1. Supporting blind and physically disabled brides and their grooms, likely disabled, on their weddings, even going as far as financing the reception. I’d like to pick on St. Bernadette’s Catholic in Lakewood because they not only welcomed Arthur and Diana Yochim in to the congregation, but the priest went so far as to finance and arrange catering for the couple’s wedding. The priest went so far as to help this couple where other people might not. All religious establishments should follow the example of St. Bernadette’s, and do the same.
  2. Send blind people to missions. Mormons, take note. Blind people are just as willing to serve as sighted counterparts. I’d like to thank my buddy Clayton, also known as Esoteric Quality, for the notes on the Mormon church because this is duly noted earlier. God does love everybody equally, so it should be preached, so God encourages prophets like Jeremiah, who was mute at first, and Moses, who was elderly and possibly had a slow tongue, maybe he wasn’t that great at speaking, but God encouraged him to say his famous, “Let my people go.” Disabled people in the Bible do not number in millions, and Jesus does not truly understand that in his absence, blindness is not healed. Not till he becomes one with the Father. But God believes in equal opportunities, love, and equal rights. No false prophecy can say otherwise. All religious establishments should send blind and physically disabled people to do good works abroad along with their nondisabled counterparts.
  3. Help disabled adults’ families with childcare, education, and welfare stuff. If a family needs food and the lady’s pregnant, the establishment must, under all circumstances help the individuals in question. IF a disabled woman is raped, pregnant because of the rape, and then has a baby, the baby should be welcomed with joy, the woman given money for rape counseling, and if she chooses to adopt out the baby, no harm done. I would keep a product of rape if it is a female, likely, because if the male was sadistic enough, he could pass on bad traits to a male offspring. That doesn’t mean I’d abort. I don’t believe in abortion, but women and their bodies and mental health should always come first.
  4. Pay for a member’s funeral expenses. If a member dies, or if a child dies, or if a disabled member’s spouse dies, a church or other religious community should, after all is said and done, pay for funerary expenses including burial, cremation, and memorial flowers, or in lieu of flowers, all donations can be made to a person’s favorite charity. At the completion of someone’s life, that person should be given fanfare, a gentle and loving goodbye, and no condemnation to Hell for sexual preference or orientation, sexual or gender identity, or disability. Again, Clayton. When his sister was gunned down by Mesa police, he had to pay for funeral expenses, and went out of his way to find a celebrant that would not condemn his transgender sister, who identified later as male, to Hell. He found a female, but before this, most of his family condemned her, even after her abuse. She suffered at the hands of her family, and Clayton was the only one that understood.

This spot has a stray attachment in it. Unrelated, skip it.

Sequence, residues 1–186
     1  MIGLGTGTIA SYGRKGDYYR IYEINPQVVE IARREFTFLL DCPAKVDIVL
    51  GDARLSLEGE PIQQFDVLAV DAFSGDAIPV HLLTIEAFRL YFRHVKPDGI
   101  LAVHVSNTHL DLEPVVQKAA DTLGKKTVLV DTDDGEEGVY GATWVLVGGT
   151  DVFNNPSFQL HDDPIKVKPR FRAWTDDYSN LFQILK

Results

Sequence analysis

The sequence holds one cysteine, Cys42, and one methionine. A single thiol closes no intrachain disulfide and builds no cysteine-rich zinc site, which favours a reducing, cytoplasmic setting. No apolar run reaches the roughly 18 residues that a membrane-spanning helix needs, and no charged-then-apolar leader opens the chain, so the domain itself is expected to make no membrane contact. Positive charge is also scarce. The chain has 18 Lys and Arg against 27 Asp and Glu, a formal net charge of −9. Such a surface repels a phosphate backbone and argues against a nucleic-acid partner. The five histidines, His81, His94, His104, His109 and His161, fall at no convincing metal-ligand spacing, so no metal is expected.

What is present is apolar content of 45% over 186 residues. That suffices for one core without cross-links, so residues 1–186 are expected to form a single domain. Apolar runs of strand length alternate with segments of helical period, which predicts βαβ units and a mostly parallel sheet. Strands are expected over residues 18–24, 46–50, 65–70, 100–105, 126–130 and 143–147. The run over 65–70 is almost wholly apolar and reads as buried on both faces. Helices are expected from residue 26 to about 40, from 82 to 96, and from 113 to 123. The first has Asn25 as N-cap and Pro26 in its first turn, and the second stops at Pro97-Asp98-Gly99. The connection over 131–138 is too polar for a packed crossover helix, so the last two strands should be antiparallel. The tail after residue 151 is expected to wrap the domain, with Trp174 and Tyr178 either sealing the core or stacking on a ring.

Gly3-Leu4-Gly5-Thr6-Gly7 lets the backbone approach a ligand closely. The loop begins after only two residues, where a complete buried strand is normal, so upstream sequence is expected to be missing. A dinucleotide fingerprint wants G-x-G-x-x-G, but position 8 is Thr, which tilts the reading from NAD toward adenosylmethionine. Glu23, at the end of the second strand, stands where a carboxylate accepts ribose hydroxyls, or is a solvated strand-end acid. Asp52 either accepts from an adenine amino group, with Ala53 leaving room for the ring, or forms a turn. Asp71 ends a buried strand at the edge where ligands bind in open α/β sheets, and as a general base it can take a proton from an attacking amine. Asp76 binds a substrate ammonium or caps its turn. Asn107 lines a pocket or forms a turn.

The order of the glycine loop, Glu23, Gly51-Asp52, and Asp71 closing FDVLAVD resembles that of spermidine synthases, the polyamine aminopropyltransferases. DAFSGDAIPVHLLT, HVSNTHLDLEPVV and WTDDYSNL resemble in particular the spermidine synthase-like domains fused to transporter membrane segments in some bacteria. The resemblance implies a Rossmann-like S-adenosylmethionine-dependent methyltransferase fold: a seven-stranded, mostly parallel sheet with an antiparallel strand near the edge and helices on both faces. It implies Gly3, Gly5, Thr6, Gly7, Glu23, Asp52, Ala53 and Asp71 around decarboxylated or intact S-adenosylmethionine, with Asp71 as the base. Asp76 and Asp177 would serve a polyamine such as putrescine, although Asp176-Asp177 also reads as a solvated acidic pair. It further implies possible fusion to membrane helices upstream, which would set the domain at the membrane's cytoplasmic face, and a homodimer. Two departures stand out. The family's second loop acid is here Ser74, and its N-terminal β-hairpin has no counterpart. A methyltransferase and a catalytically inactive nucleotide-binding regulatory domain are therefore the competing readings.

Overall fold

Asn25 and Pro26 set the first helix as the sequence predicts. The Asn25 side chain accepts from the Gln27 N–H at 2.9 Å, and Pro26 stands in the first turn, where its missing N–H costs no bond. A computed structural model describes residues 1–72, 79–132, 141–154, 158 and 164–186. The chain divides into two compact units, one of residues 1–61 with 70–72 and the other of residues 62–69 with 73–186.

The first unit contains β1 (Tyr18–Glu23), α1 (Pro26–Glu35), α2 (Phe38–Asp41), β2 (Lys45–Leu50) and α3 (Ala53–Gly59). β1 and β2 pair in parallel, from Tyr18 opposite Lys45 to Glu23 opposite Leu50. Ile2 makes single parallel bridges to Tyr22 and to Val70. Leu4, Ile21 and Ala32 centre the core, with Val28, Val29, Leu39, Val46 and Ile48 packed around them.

Churches and other religious places have a lot to think about. IF they want their tax exempt status taken away, more power to them. The procedure would be simple: any church or religious/faith based establishment that does not comply with the real teachings of God and Christ, Buddha, or whatever, including the teachings of love and equality, will be audited by the IRS and forced to comply or should be closed. IF it takes changing subtleties in the doctrines, that must happen.

This article was inspired by not only Clayton, but my friend Tyler McKinny, who hates all forms of God and supernatural things. A lot of what this guy says is correct. Religion may bring humans together, but love without end is even more powerful. Tyler says that supernatural belief without science is ridiculous. I tend to agree, and miracles have some scientific explanation. Although science won’t be able to explain creation or the beginning of the universe, it does explain evolution. And something put it there. Wisdom in such figures as the Dalai Lama and Buddha are extremely important for living a balanced life, and I’m in agreement that science does support meditation/prayer. It works in some weird ways, but people learn better when exposed to an inclusive environment. This means disabled people should be allowed to pray, meditate, whatever.